The Miami Hurricanes have had some great closers in their history, from the submarining Rick Raether to Robbie Morrison, George Huguet and Danny Graves.
On Saturday morning, Bryan Garcia — the junior who owns the UM record for career saves at 43 and counting — became the first Hurricanes’ closer to be named the national Stopper of the Year by the National Collegiate Baseball Writers Association.
The award has been given out since 2005.
Garcia, already a semifinalist for the Dick Howser Trophy and an All-American, was recently a sixth-round pick of the Tigers after notching 18 saves this season, good for second-most in the nation.
Miami has played in 27 games decided by three runs or less and has won 21 of them.
“We’re not a team that’s going to go out there and blow a lot of people out,’’ Garcia said on the eve of Miami’s opening game late Saturday at the College World Series against Arizona.
“Every game we feel like we’re in for a dogfight. If it’s close going into the ninth, I know I have to do my job. They take care of the first eight, and I do it in the ninth.’’
Garcia, who attended Christopher Columbus High School, came into the CWS with a 2-0 record and 1.95 ERA in 37 innings. He recorded his 40th career save May 26 at the ACC tournament to surpass Huguet for the Hurricanes’ all-time mark.
“To me, the toughest role on the team is to be a closer,” coach Jim Morris said. “If you can get a guy that can come in, be confident enough to do that job and confident enough to talk and share that with the other players, it’s definitely going to help us.”
ENJOYING THE RIDE
Junior third baseman Edgar Michelangeli has received much national attention for his exaggerated bat flips after big home runs over N.C. State in the ACC tournament and against Boston College in the Super Regional.
Although some have criticized Michelangeli, he has received plenty of support from his teammates and coaches as well as UM fans. It didn’t hurt that his homers helped win those two games for the Hurricanes — the latter one putting the Eagles away and sending Miami to Omaha for the 25th time.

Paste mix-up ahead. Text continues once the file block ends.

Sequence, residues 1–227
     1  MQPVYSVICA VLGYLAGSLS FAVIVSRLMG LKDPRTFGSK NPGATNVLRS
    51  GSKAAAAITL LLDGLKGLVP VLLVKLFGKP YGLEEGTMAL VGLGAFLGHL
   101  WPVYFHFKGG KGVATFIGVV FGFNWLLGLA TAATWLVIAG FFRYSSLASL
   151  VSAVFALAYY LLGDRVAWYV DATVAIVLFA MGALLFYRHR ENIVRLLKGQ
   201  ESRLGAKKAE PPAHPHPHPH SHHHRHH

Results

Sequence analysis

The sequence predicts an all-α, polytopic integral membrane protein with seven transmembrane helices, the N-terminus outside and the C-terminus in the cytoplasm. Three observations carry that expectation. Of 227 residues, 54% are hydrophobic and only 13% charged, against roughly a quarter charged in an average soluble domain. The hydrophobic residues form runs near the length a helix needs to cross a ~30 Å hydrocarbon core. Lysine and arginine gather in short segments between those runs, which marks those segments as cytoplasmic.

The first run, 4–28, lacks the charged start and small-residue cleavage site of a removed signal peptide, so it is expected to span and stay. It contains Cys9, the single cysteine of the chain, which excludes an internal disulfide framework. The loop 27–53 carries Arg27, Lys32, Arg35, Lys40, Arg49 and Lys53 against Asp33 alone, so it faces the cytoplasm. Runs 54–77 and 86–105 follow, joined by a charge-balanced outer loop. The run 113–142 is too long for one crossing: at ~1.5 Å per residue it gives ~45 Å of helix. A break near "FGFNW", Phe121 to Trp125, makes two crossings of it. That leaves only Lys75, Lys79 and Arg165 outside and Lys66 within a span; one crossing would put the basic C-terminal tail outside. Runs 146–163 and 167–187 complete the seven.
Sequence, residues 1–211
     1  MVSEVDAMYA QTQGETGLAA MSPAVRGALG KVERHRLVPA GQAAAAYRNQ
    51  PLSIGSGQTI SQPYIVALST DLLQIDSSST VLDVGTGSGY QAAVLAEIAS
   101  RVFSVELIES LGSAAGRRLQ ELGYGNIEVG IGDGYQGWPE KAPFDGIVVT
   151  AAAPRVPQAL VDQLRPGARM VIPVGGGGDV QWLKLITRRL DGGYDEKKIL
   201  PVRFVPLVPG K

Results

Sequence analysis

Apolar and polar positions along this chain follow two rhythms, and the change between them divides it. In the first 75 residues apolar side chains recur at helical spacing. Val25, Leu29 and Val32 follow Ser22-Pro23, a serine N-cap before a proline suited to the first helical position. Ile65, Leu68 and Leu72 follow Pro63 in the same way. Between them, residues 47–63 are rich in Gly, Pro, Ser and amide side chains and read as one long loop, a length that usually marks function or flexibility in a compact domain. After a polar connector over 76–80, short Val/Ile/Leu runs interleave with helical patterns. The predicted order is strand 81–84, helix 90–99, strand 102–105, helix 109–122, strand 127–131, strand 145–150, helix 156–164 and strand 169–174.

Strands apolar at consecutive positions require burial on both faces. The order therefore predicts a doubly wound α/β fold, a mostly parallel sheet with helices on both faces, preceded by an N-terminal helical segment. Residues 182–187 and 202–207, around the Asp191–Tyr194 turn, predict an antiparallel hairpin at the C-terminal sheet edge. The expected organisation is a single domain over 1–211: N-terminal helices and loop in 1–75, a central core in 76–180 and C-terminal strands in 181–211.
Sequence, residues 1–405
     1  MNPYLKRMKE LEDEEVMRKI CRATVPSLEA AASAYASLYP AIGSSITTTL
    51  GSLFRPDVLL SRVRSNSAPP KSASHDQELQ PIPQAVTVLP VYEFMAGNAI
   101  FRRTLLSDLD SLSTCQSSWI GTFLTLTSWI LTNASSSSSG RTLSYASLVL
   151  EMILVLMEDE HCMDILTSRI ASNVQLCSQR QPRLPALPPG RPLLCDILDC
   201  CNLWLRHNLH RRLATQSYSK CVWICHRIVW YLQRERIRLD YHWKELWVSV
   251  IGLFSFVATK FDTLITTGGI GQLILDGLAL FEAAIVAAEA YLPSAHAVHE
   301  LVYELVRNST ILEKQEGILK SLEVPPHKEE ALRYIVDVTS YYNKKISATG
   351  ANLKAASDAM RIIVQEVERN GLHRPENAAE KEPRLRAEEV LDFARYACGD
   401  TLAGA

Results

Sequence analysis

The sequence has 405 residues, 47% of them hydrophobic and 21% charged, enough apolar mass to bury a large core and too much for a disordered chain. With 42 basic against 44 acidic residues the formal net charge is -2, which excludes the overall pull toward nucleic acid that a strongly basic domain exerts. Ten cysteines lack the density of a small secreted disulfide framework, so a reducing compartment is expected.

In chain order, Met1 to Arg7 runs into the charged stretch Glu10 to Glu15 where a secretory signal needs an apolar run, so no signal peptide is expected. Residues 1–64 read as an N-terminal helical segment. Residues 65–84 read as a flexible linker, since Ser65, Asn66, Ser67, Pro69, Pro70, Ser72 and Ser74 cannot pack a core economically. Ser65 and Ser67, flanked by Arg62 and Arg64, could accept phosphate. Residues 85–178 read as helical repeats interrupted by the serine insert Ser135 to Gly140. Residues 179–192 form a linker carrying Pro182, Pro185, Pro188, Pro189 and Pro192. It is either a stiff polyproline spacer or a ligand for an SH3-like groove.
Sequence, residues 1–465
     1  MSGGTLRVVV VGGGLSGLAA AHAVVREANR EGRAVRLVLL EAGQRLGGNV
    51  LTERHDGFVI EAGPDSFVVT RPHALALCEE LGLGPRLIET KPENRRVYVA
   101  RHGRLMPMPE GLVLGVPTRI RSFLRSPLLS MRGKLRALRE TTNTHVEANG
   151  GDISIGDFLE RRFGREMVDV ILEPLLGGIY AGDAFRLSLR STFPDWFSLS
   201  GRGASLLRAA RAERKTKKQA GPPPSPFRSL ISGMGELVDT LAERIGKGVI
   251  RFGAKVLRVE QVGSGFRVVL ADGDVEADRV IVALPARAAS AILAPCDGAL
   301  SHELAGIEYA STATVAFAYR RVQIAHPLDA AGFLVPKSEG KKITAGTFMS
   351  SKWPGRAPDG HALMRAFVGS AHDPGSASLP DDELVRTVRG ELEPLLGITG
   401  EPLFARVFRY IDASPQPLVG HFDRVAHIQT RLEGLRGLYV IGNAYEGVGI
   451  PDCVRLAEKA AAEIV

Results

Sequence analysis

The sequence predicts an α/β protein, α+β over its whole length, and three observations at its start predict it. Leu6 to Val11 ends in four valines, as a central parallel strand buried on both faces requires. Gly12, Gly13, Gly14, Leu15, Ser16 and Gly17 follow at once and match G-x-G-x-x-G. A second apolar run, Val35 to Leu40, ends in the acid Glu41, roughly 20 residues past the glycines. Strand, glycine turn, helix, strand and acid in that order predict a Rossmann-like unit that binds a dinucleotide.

“I’ve enjoyed it, enjoyed the ride,” Michelangeli said. “It is what it is, and I’m trying to cherish every moment. I’m just happy for our team, happy we’re back in Omaha. When it’s all said and done, I’m sure I’ll look back and be very proud of these moments.”
THIS AND THAT
▪ Perhaps the biggest baseball name to come out of Oklahoma State is Robin Ventura, now the manager of the White Sox.
Coach Josh Holliday said Ventura has been in contact since the Cowboys advanced to the CWS for the first time since 1999.
“We’ve heard from Robin two or three times since last weekend. He’s great,” said Holliday, who was the starting third baseman on the OSU team in 1999. “Obviously, he’s a great player, but he’s been a great supporter and been behind our kids and has stopped by a couple of times. And just his interest in what we’re doing and support is very meaningful.”
▪ Miami and Florida are back in Omaha in successive years, yet TCU is at the CWS for the third consecutive June.
After coming to Omaha in back-to-back years, the Horned Frogs had to rebuild a bit this season but ended 47-16 and knocked off No. 4 national seed Texas A&M in the super regional.
“This particular team, we have an entirely, for the most part, it’s a new club,” coach Jim Schlossnagle said. “We have a couple of key guys back. This is not a position I don’t think people expected us to be in.”
▪ UM junior catcher Zack Collins and sophomore pitcher Michael Mediavilla recognized as Rawlings All-Americans by the American Baseball Coaches Association.